Chile’s next president faces huge challenges
© picture-alliance/ZUMAPRESS.com/Matias Basualdo
In the second round, Gabriel Boric convinced 55.9 % of voters.
In Chile, the public is keenly reading the signals being sent by the president-elect, 35-year-old leftist Gabriel Boric. The new government will take office on 11 March. It is worth recalling how Boric, the former student leader who became Chile’s youngest-ever president, became a key figure in the nation’s political renewal.
For 30 years after the end of the dictatorship of Augusto Pinochet (1973-1990), Chile kept following market-orthodox policies. This rigid approach was taken by the military regime, and it became anchored in institutions and even the constitution. In October 2019, powerful protests erupted, denouncing the economic and social impact of those policies. People demanded end to “30 years of abuse of power”. Masses rallied for a more egalitarian social order.
The 2019 uprising led to an unprecedented process of constitutional change. A new constituent assembly was elected (see my assessment on the D+C/E+Z platform). The established centre-left and right-wing parties saw their popular support fall to unprecedented lows. Quite clearly, a majority of citizens wanted to start anew.
In view of the traditional political forces’ weakness, two improbable candidates became the main presidential contenders in the 2021 election:
- the far-right José Antonio Kast, who represented a coalition of ultraconservatives and nationalists, and
- Boric, who was backed by an alliance of left-wing parties including the Communists.
The foreign press viewed these blocs as polar opposites. The truth was more nuanced: in a bid for centrist voters, Boric showed more courage and flexibility than his opponent. Boric’s moderate tone proved decisive, leading to his 55.9 % victory in the second round of voting in December.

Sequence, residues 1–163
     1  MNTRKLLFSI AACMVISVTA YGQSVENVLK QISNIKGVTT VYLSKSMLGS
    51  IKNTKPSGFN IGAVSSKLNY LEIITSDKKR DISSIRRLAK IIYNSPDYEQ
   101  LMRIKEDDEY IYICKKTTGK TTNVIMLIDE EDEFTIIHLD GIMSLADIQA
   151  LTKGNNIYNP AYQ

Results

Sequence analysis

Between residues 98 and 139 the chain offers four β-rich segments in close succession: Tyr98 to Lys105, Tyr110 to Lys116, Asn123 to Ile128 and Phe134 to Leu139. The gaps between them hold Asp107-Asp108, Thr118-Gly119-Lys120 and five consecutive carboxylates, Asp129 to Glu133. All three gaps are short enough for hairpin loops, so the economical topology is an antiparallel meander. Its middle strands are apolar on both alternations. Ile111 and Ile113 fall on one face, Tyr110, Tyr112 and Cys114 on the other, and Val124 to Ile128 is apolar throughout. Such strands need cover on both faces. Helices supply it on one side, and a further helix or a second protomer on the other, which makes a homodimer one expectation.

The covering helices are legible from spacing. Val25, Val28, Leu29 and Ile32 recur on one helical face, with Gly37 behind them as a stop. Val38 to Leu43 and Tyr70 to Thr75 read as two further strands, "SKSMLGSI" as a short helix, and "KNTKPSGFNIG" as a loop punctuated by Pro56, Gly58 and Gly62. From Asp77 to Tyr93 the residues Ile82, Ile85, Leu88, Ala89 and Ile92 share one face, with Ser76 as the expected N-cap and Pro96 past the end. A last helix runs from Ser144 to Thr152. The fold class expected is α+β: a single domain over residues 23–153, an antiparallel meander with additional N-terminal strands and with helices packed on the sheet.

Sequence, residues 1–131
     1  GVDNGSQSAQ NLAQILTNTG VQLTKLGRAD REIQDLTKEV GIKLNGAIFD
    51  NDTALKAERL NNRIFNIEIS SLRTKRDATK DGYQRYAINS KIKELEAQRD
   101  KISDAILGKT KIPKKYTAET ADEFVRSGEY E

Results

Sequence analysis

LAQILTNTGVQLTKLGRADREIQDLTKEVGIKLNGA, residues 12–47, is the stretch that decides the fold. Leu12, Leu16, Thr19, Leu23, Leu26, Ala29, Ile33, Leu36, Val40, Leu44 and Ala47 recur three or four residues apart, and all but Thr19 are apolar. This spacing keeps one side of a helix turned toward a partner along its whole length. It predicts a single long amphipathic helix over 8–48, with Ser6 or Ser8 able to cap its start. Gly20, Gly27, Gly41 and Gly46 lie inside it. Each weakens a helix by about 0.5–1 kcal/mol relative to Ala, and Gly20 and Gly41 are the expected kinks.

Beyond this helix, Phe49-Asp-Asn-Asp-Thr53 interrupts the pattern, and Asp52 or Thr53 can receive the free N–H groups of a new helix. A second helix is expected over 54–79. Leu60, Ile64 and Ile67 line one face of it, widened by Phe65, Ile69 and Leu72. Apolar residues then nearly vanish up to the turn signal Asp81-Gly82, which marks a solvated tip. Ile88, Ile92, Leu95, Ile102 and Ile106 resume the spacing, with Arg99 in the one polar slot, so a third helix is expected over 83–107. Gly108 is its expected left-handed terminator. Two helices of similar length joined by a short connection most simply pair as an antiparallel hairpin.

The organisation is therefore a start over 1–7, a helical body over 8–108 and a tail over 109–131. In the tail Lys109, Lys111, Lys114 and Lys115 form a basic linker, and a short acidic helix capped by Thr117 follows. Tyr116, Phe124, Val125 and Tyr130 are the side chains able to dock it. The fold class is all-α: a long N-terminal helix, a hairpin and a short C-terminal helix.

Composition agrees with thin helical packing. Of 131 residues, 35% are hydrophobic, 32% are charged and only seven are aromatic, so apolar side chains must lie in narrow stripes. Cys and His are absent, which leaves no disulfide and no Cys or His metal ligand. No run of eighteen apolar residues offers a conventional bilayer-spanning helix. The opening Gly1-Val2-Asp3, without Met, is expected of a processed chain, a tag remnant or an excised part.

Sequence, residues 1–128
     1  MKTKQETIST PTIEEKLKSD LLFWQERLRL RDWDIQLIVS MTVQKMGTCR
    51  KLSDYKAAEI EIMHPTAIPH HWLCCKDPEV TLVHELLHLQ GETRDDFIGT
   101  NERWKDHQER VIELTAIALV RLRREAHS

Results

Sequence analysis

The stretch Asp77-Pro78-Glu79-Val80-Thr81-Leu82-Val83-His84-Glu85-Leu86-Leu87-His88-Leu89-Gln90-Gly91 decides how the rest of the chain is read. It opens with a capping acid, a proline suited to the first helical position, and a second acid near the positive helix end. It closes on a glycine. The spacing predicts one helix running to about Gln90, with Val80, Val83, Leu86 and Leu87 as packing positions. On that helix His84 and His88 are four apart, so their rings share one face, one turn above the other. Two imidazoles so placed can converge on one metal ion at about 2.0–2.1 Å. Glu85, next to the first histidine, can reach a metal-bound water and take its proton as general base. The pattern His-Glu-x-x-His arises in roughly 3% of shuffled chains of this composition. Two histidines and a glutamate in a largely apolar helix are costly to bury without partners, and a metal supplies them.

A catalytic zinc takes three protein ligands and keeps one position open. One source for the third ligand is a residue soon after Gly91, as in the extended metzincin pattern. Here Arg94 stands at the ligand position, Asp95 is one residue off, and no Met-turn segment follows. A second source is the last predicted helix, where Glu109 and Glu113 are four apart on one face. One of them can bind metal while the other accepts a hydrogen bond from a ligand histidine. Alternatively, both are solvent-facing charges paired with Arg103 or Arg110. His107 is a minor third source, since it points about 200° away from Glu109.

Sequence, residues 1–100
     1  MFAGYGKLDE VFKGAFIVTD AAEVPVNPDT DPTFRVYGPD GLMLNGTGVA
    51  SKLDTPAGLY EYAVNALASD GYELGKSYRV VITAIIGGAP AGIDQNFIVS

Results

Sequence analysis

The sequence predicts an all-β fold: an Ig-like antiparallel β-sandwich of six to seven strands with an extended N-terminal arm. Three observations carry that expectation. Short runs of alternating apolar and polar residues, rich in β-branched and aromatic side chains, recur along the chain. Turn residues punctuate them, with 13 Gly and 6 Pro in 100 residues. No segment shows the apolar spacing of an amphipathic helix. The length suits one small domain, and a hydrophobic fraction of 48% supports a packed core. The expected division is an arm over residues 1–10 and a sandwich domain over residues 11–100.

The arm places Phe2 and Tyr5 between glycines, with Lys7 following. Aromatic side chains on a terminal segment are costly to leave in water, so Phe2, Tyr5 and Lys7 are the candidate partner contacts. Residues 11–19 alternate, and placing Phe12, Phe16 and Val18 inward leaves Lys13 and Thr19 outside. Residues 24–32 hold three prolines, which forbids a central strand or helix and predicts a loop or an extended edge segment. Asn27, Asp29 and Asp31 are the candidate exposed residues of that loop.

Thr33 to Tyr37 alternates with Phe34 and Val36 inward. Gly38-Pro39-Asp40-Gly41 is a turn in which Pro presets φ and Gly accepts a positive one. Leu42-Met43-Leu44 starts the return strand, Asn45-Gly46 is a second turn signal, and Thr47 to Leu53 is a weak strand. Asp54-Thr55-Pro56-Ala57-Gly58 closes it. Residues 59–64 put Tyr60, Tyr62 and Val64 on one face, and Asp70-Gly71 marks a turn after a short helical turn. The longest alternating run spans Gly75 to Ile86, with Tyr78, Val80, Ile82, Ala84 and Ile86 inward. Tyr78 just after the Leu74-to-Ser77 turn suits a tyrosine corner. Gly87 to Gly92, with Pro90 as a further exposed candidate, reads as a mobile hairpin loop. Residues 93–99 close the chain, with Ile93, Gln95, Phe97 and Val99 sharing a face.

Since his victory, Boric has signalled that he aims for a finely tuned combination of renewal and moderation. His cabinet choices are interesting – and telling. Of 24 ministers, 14 are women, eight are independents and nine come from outside the capital, a novelty in centralised Chile.
Among the women, Izkia Siches stands out (35). She is a doctor and former president of Chile’s Medical Association. She is also of Aymara indigenous descent. She will be the first female minister of the interior and thus be in charge of public security.
Camila Vallejo (33) will be the government’s spokesperson. She is a former leader of rebellious student movement that demanded social progress in 2011. Antonia Urrejola (53), is the former president of the Inter-American Commission on Human Rights and will become the foreign minister. Maya Fernández (50) will be the defence minister. She is a socialist and the granddaughter of former president Salvador Allende, who died during Pinochet’s military coup. He committed suicide when the presidential palace was bombed.
In a clear nod to moderation, Boric chose Mario Marcel (62) as the finance minister. He was until recently president of Chile’s Central Bank and is internationally respected. He is independent, but has been associated with previous centre-left governments. For some, however, he represents a return to the market orthodoxy that plunged Chile into social turmoil. Many others, however, consider his appointment is a welcome sign of stability.
Boric says his priorities for the first months of his presidency will be economic recovery, managing the pandemic and protecting the constitutional reforms. The constituent assembly is expected to produce a new Magna Carta between July and September of this year. The document will then be submitted to a plebiscite with compulsory voting.
A rejection of the new constitution and a consequent return to the dictatorship’s constitution would mean dramatic failure for Boric. His goal is to build the new Chile. Some analysts put it this way: he wants to be the last president of the old era and the first of the new era.
Javier A. Cisterna Figueroa is a journalist based in Concepción, Chile.